At its heart, “Those Winter Sundays” is about love. No, not the ooey-gooey thing between young lovers like Romeo and Juliet, but the deep and serious familial love between a parent and a child. The type of love that gets you up at the crack of dawn, even when you’re exhausted from a long week of hard work. This love is quiet and brave; it’s not showy, there are no hugs and kisses and snuggles. That means, unfortunately, that it can easily slip by unnoticed.
As a kid, the speaker was an ungrateful little jerk who didn’t understand anything about the nature of love.
One’s perspective on love changes over time. The speaker was just a regular kid whose understanding of love grew as he grew older.
We only ever see the speaker’s father through the speaker’s point of view, but it’s not too hard to imagine what the old man's life is like. "Those Winter Sundays" tells us that he wakes up early, works hard, and provides for his family. Seriously, he works (in and outside of the home) seven days a week for his family. If that isn’t sacrifice, well, we don’t know what sacrifice is. This dude could use an all-expenses-paid week in Tahiti, if you ask us.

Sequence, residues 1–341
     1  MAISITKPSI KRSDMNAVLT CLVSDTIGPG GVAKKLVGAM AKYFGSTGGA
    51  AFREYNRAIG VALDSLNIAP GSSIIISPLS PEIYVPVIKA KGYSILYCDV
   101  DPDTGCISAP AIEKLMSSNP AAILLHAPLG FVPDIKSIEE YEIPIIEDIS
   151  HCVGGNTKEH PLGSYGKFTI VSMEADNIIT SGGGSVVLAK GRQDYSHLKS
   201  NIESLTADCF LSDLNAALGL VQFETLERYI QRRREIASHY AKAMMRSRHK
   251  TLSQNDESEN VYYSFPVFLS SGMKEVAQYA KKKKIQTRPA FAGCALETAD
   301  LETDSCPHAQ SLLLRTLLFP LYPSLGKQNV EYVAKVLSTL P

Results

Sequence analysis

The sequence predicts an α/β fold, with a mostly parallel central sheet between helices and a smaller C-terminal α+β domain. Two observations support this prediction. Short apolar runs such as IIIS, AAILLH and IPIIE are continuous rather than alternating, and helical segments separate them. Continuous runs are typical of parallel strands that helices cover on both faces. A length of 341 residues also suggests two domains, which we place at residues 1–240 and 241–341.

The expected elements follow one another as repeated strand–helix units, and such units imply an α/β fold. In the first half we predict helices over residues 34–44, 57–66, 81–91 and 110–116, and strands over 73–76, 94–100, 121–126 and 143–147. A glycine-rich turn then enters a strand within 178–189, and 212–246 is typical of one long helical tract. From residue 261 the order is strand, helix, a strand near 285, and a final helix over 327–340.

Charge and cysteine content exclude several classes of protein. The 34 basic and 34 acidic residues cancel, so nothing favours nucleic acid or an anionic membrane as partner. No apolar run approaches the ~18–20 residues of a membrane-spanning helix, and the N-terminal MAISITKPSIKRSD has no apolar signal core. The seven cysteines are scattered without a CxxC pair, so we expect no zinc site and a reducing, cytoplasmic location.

The speaker’s father has sacrificed everything—including his emotional relationship with his kid—to provide the basic tools of survival for his family.
The speaker’s father is just doing what any dad would do by waking up early to light the fires in the house. Nothing special about this guy.
Remember the good old days when you were young? When someone lit the fires in your home so you didn’t have to? When someone polished your shoes? When someone paid the bills and cared for you? The speaker in “Those Winter Sundays” is remembering those good old days, though they didn’t seem so good at the time. But that's only because he was young and ignorant. Once he's grown up a bit, and has a few years behind him, he's able to recognize his father's love.
“Those Winter Sundays” suggests that no children can comprehend their parents’ love for them. They're too busy being resentful.
“Those Winter Sundays” suggests that becoming an adult means understanding your parents’ motivations and experiences.